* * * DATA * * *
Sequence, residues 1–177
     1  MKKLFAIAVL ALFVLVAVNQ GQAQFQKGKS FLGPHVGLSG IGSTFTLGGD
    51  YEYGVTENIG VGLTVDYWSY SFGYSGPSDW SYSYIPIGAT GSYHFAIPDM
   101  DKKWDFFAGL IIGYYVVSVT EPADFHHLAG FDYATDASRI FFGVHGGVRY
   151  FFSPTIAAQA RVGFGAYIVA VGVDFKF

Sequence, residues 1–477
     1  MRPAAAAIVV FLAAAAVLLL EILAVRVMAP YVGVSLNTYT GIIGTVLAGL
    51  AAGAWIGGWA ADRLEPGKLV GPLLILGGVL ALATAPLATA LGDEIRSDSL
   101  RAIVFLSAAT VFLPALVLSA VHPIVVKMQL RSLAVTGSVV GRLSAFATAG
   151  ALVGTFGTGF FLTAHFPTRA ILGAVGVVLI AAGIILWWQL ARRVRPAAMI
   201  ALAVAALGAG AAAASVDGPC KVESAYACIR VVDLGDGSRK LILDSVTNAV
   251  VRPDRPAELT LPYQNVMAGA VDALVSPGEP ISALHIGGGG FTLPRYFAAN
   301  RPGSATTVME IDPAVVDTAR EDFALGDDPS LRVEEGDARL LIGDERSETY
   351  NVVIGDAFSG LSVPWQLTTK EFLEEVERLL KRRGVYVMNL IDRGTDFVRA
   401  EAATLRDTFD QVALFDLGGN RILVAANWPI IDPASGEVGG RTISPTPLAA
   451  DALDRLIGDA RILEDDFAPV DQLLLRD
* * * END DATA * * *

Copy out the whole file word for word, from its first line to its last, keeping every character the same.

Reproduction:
Sequence, residues 1–177
     1  MKKLFAIAVL ALFVLVAVNQ GQAQFQKGKS FLGPHVGLSG IGSTFTLGGD
    51  YEYGVTENIG VGLTVDYWSY SFGYSGPSDW SYSYIPIGAT GSYHFAIPDM
   101  DKKWDFFAGL IIGYYVVSVT EPADFHHLAG FDYATDASRI FFGVHGGVRY
   151  FFSPTIAAQA RVGFGAYIVA VGVDFKF

Sequence, residues 1–477
     1  MRPAAAAIVV FLAAAAVLLL EILAVRVMAP YVGVSLNTYT GIIGTVLAGL
    51  AAGAWIGGWA ADRLEPGKLV GPLLILGGVL ALATAPLATA LGDEIRSDSL
   101  RAIVFLSAAT VFLPALVLSA VHPIVVKMQL RSLAVTGSVV GRLSAFATAG
   151  ALVGTFGTGF FLTAHFPTRA ILGAVGVVLI AAGIILWWQL ARRVRPAAMI
   201  ALAVAALGAG AAAASVDGPC KVESAYACIR VVDLGDGSRK LILDSVTNAV
   251  VRPDRPAELT LPYQNVMAGA VDALVSPGEP ISALHIGGGG FTLPRYFAAN
   301  RPGSATTVME IDPAVVDTAR EDFALGDDPS LRVEEGDARL LIGDERSETY
   351  NVVIGDAFSG LSVPWQLTTK EFLEEVERLL KRRGVYVMNL IDRGTDFVRA
   401  EAATLRDTFD QVALFDLGGN RILVAANWPI IDPASGEVGG RTISPTPLAA
   451  DALDRLIGDA RILEDDFAPV DQLLLRD